Schools cancel classes as freezing conditions hit Tuscaloosa area; low temps continue Tuesday

Jason Morton
The Tuscaloosa News

As a late winter storm firmly squeezes north and central Alabama in an icy grip, residents are being urged to plan for the worst.

Stay home, if possible, and avoid roadways, officials urge, as freezing conditions ripe for frozen roadways stand to make traveling hazardous over the next couple of days.

“Folks need to exercise extra precaution,” Daniel Martin, a meteorologist for the National Weather Service in Birmingham, said Monday, “especially if they’re on the roadways.”

By Monday morning, much of the sleet and freezing rain had remained to Alabama’s west, primarily in Mississippi, though northern parts of the Yellowhammer State were seeing icy conditions as temperatures there remained below freezing.

This, in part, has prompted the Alabama Department of Transportation and the Alabama Emergency Management Agency to warn motorists that icy road conditions are now – or will be – possible across much of the state as widespread freezing is expected to extend into Tuesday.

“In addition, freezing fog and drizzle may pose a freezing hazard on roadways in west-central and north Alabama tonight,” ALDOT officials said. “Motorists in these areas are encouraged to avoid unnecessary travel.”

A cold, wind-driven rain falls in Tuscaloosa as a pedestrian and motorist moving along University Blvd. Monday, Feb. 15, 2021. [Staff Photo/Gary Cosby Jr.]

Tuesday may pose the greatest threat, as low temperatures begin falling sharply after dark on Monday and are predicted to reach the mid- to lower-teens by Tuesday morning.

This, Martin said, could freeze any lingering precipitation that falls during the day on Monday, making travel especially dangerous for workers Tuesday morning.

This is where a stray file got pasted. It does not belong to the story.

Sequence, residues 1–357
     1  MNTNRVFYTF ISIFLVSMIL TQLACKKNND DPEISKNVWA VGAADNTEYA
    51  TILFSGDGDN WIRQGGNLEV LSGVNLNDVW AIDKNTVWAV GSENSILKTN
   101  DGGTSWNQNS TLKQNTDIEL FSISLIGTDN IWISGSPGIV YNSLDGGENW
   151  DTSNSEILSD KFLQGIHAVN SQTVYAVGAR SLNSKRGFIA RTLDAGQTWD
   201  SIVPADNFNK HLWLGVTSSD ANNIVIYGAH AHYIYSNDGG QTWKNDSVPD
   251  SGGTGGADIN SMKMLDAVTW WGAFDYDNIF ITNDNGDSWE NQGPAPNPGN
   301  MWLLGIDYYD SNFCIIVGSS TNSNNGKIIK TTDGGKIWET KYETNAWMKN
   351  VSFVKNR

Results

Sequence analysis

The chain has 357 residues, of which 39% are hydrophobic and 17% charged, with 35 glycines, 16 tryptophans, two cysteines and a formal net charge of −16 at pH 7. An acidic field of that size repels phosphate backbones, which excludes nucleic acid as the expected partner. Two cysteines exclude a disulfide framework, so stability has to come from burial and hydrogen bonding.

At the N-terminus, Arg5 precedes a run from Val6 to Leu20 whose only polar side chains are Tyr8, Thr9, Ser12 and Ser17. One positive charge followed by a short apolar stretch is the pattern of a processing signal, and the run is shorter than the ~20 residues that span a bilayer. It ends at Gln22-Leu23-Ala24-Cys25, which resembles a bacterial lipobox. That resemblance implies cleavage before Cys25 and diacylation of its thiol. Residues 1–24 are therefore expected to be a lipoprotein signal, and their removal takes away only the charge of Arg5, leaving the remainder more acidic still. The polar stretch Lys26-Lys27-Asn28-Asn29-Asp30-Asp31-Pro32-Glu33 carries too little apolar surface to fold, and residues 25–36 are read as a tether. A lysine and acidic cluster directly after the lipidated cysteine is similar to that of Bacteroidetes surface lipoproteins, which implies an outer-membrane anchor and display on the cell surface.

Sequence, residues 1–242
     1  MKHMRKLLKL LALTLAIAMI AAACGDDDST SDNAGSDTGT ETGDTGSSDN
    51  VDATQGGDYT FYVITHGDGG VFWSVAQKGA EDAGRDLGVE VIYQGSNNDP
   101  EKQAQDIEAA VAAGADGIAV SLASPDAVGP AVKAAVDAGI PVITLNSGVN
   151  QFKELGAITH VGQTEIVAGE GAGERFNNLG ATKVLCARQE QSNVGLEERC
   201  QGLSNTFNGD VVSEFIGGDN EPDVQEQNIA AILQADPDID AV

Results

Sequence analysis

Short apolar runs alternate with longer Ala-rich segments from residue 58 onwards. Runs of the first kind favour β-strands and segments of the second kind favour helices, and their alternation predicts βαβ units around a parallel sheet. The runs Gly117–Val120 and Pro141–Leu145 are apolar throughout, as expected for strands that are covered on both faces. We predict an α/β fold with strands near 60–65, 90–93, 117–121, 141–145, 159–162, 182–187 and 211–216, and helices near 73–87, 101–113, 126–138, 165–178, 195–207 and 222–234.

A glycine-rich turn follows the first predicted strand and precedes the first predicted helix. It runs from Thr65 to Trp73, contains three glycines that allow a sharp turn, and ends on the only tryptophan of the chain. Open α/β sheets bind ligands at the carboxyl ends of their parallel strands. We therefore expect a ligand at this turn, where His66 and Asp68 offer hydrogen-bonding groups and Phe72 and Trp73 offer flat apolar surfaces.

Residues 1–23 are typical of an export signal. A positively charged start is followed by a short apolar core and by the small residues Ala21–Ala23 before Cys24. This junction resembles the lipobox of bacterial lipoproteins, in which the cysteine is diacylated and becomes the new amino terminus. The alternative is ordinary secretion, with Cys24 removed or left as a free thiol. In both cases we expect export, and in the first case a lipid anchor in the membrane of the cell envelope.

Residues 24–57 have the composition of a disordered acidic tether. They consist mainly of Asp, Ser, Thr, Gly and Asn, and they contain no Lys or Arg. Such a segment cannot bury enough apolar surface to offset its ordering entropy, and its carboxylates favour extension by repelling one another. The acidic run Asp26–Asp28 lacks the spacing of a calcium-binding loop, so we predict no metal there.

“Just make sure to take it extra slow tomorrow morning,” he said Monday.

Business and school closures

In anticipation of the wintry weather, Tuscaloosa city and county schools canceled all classes Monday and Tuesday, along with Shelton State Community College. The University of Alabama also canceled Monday and Tuesday classes.

Park and recreation officials also announced their facilities, like the city and county public schools, would remain closed for the rest of Monday with a delayed opening planned for 11 a.m. on Tuesday.

Becky Booker, spokeswoman for the Tuscaloosa County Park and Recreation Authority, said the organization's website,, will have the most up-to-date information.

Warming shelters open

In Tuscaloosa County, which remains under a winter storm advisory, Tuscaloosa city officials are working with the Tuscaloosa County Emergency Management Agency and the Compassion Coalition on opening warming stations and shelters.

Knights of Columbus Hall, located at 733 James I. Harrison Jr. Pkwy. E., was announced Monday as one such warming station, opening at 1 p.m. Face coverings will be required for entry, city officials said, and Tuscaloosa police will provide masks to anyone needing shelter who does not have one.

This was soon followed by an announcement that Skyland Baptist Church at 3320 Skyland Blvd. E. and Forest Lake United Methodist Church at 1711 Fourth Ave. also would open as warming stations for Tuscaloosa County residents starting at 3 p.m.

These sites, too, required anyone entering to have a face covering.

For more information, on this or other potential warming stations, residents were urged to call the Tuscaloosa County EMA at 205-349-0150 or the Tuscaloosa Police Department at 205-349-2121.

Power outages

Late morning winds resulted in power outages for approximately 1,800 customers, according to an update from the Tuscaloosa County EMA.

Citing data from Alabama power, EMA officials said cold weather and the high winds contributed to the electricity loss, with the majority of those affected living within the Cottondale, Northport and Coker areas.

Tuscaloosa-area power outages:A look at power outages in the Tuscaloosa area after a storm moved through

Frigid conditions in Montgomery

The winter storm also will bring frigid conditions to the Montgomery area, with overnight lows Monday around 20 degrees.

It will be the coldest air to hit the region since Jan. 18, 2018, when the low in Montgomery dipped to 10 degrees, according to the National Weather Service.